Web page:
I’ve just finished writing a play. Bells and whistles notwithstanding, the overwhelming feeling is one of apprehension. And that’s because the completion of a playscript is more of an abandonment than anything else.
As a playwright, your existence is as one part of a symbiotic theatre-making organism. You are like a donor, and the director is like the adoptive mother to your donated sperm and egg. All the DNA is yours, but they raise it and send it off into the world. The third party to this interdependent creative amalgam is the producer, who is the live-in benefactor. A rich and resourceful aunt whose home making and bread winning enable the child to thrive.
Excuse my indulgent metaphor, but the reality is that you — the playwright — are forever the birth parent. An integral but absent part of the play’s future life. The reality of playwriting is that your work is inherently unfinished and that you must accept that your sense of control over your work will be challenged. Your work will be changed. Unlike other printed texts, your work will not be published and disseminated in the exact format you created it. Your work is essentially a blueprint for making theatre. You must resign yourself to the fact that whatever performance work is made by following your blueprint, it will never be the blueprint itself, nor will it be the performance work that inhabits your imagination.
A director will read your script and create an entire world around your writing — finding real life faces and voices to embody your characters and making a physical place for them to live in, heavy with visual metaphor. The producer will find real life resources to build the set and costumes, and find a target audience, then boil your entire intention down into a single snazzy tagline. The actors will ingest your text and regurgitate some version of it that lives and breathes. The words are the same but the focus, the nuances of meaning, the character quirks are all only ever ‘inspired by’ your work.
You must trust that your work is clear enough in theme, character and plot that the director portrays on stage the meaning you wished to deliver to the audience. But you must also trust that the text will reveal things through the director and the actors that you never intended nor even noticed about your own writing. That’s the best part about playwriting — that your work — your words — take on a life of their own that no one, least of all you, could have predicted.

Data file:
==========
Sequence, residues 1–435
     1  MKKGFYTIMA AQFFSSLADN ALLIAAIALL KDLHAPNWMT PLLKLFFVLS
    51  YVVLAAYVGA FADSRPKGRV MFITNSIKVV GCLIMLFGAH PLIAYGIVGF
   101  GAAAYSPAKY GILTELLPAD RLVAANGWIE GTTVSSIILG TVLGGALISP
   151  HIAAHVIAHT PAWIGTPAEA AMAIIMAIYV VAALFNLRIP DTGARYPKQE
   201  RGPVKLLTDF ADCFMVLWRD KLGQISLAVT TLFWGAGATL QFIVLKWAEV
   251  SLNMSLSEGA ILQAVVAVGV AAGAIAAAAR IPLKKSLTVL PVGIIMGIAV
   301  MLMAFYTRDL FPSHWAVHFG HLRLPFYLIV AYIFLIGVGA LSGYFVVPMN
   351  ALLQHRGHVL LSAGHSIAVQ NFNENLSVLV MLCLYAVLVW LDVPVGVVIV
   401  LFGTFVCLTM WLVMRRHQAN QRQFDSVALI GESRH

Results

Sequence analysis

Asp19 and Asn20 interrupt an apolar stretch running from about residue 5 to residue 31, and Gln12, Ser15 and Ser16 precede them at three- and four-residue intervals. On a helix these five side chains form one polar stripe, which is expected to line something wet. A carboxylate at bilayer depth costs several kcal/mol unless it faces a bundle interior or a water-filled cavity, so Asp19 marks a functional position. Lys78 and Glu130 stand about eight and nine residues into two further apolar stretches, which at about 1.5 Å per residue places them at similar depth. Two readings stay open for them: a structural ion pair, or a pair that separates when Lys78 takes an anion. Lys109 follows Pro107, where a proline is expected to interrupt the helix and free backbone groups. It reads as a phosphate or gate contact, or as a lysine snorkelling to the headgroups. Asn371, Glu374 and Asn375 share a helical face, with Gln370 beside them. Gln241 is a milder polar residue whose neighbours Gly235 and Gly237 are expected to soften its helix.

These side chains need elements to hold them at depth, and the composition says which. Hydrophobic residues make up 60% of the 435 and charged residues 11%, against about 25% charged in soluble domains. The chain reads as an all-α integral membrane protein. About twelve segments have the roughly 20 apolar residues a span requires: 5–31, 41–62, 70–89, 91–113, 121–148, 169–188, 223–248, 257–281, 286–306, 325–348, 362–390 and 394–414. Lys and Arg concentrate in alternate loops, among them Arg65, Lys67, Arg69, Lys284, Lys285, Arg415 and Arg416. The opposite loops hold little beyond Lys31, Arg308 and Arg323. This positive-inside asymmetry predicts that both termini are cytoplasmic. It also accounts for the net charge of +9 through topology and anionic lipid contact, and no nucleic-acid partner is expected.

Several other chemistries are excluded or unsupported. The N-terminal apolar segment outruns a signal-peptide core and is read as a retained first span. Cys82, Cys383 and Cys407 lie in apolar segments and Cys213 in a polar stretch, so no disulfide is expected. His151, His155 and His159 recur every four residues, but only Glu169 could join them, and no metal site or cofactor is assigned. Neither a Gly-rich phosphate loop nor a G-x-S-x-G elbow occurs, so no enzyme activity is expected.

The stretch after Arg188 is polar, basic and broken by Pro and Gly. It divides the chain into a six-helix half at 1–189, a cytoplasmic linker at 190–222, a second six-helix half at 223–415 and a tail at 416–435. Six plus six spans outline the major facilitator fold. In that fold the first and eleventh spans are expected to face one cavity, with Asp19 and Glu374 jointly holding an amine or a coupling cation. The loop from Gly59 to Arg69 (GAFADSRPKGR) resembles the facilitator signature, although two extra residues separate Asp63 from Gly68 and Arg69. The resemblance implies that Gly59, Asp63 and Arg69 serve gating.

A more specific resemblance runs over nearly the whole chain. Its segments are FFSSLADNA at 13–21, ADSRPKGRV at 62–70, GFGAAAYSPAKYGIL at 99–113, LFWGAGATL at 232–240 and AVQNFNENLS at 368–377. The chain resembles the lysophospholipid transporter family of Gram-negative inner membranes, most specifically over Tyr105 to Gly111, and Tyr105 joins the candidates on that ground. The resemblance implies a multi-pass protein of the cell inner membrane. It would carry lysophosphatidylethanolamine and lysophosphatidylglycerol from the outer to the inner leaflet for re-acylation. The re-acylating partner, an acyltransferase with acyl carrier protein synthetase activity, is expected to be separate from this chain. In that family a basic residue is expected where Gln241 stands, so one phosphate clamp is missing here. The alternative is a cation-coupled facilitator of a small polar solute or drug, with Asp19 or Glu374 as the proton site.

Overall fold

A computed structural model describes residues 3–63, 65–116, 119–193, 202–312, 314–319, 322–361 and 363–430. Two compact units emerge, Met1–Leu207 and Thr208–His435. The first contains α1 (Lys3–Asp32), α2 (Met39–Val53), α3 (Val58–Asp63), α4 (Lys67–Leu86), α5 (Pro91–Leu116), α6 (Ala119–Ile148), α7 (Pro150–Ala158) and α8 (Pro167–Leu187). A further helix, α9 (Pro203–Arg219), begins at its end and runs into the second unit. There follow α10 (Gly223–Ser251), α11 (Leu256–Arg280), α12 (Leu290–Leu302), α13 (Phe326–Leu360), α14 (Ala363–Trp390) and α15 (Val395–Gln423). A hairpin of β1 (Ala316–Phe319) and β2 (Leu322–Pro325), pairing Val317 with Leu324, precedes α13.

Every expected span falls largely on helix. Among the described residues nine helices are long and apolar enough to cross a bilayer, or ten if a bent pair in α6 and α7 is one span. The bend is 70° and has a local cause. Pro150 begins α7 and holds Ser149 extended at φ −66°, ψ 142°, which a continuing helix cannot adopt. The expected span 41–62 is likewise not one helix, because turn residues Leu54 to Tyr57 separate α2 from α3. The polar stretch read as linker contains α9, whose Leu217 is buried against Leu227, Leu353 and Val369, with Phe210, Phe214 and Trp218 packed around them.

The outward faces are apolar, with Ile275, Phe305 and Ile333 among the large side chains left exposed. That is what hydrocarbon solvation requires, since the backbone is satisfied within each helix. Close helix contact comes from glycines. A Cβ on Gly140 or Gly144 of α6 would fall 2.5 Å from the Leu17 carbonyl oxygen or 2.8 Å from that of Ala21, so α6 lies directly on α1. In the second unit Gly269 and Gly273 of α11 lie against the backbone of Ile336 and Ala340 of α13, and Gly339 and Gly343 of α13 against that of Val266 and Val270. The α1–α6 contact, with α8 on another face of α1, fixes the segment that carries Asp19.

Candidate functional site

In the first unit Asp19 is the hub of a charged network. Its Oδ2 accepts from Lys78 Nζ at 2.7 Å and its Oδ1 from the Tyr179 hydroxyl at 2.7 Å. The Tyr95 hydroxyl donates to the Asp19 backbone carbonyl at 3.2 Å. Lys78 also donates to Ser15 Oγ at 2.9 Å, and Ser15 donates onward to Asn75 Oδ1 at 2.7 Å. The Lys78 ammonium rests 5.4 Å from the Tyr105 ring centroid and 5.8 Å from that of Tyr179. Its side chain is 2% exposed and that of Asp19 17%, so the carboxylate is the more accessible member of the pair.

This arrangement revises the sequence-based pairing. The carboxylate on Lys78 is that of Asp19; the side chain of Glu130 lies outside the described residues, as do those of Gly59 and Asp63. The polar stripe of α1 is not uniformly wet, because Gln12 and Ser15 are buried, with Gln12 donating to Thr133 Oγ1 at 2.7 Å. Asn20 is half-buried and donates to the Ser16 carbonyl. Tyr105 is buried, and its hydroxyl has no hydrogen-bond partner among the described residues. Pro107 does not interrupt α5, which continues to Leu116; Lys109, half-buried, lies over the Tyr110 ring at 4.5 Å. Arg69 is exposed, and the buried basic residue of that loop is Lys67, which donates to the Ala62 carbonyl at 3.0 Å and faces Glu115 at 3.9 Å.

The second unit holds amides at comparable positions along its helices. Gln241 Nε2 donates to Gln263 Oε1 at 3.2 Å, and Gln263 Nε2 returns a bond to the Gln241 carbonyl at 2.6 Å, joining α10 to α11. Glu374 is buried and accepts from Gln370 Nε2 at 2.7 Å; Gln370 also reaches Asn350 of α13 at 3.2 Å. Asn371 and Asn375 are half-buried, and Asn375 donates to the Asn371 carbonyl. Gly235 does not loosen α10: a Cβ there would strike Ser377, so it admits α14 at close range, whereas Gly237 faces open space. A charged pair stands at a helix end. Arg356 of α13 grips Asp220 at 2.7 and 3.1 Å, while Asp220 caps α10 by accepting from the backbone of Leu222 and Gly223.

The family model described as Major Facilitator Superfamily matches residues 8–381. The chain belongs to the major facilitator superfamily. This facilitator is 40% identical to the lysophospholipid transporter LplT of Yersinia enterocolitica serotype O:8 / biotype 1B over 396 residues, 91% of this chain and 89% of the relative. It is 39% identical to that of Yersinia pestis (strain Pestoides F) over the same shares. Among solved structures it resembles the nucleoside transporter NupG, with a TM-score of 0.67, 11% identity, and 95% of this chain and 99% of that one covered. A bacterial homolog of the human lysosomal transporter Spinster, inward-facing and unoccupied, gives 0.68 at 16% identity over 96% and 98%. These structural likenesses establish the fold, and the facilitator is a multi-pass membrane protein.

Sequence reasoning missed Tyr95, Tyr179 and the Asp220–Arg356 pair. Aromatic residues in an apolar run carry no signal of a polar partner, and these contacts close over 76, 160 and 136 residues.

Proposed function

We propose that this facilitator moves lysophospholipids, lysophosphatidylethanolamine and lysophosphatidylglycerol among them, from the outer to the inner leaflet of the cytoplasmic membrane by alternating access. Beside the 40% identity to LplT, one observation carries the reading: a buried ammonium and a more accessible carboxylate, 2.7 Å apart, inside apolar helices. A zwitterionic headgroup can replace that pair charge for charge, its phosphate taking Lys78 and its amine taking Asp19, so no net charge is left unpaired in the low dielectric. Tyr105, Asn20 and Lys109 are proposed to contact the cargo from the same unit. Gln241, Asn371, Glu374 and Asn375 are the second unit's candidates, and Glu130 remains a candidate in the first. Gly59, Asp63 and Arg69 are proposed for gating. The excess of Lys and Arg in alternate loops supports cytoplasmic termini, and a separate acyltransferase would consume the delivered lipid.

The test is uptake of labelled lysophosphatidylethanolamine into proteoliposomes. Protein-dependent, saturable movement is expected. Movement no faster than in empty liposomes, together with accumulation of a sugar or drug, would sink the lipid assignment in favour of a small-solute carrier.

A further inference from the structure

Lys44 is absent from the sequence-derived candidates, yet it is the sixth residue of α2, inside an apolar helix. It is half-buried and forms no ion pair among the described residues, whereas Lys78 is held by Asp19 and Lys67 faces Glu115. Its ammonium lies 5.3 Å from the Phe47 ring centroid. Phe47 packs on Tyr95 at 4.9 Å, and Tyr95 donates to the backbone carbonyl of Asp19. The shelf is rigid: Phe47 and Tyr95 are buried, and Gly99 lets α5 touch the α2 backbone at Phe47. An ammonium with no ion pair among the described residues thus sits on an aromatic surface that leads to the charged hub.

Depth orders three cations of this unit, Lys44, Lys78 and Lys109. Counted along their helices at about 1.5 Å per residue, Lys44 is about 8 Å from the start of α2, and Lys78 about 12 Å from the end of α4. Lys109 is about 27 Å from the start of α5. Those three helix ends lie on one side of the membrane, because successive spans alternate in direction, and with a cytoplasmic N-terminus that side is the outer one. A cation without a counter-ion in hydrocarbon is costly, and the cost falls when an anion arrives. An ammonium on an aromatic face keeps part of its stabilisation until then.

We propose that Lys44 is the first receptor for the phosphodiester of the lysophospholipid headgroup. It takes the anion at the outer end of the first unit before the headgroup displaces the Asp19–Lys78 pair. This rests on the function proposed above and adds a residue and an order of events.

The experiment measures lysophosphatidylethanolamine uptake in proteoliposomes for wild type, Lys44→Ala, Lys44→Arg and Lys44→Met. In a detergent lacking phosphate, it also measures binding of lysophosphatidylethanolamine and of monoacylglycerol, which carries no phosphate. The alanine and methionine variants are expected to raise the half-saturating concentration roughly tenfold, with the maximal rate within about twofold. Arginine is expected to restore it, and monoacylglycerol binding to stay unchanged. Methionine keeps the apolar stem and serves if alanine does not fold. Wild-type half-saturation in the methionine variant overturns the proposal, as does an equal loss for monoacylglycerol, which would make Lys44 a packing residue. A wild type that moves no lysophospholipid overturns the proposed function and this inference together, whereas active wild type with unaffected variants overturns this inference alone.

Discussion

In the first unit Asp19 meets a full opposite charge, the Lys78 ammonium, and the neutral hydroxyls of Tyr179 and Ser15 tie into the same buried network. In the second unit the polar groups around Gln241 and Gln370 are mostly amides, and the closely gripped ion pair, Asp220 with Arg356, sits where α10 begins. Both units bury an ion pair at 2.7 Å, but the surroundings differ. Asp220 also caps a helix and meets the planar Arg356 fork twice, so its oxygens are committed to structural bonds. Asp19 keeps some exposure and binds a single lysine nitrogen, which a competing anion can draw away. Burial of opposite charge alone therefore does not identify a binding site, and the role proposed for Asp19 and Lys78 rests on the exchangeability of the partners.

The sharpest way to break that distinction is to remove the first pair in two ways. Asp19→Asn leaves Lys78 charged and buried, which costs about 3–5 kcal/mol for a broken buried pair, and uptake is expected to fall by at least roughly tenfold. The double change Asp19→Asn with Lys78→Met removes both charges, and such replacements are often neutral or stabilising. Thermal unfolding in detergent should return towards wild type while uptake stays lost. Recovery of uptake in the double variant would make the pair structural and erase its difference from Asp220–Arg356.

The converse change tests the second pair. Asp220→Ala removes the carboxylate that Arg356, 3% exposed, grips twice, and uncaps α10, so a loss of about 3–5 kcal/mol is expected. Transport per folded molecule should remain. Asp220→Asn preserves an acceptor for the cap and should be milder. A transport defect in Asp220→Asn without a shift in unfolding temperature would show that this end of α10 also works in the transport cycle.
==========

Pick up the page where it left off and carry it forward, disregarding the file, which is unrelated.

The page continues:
That’s why good playscripts are not too heavy-handed with stage directions and allow the director and actors to interpret what actions, facial expressions or inflection the dialogue might be delivered with. Anything that you are not willing to have compromised, you include as a clear directive. Everything else must be up for interpretation.
You could refine a script forever but at some point you must abandon the writing process and allow the text to be enlivened. This time, it’s been a one-and-half-year journey from inspiration to abandonment. It’s time for the little idea on my page to get up and live.
Megan Riedl is a Ballarat-based arts management professional and independent theatre producer, with a creative practice in poetry, playwriting and directing for the stage. Her newest play, The Belly Dancer is a collaboration with Jacob Honeychurch. Tripwire Theatre Inc will be producing the play in March, in Bendigo.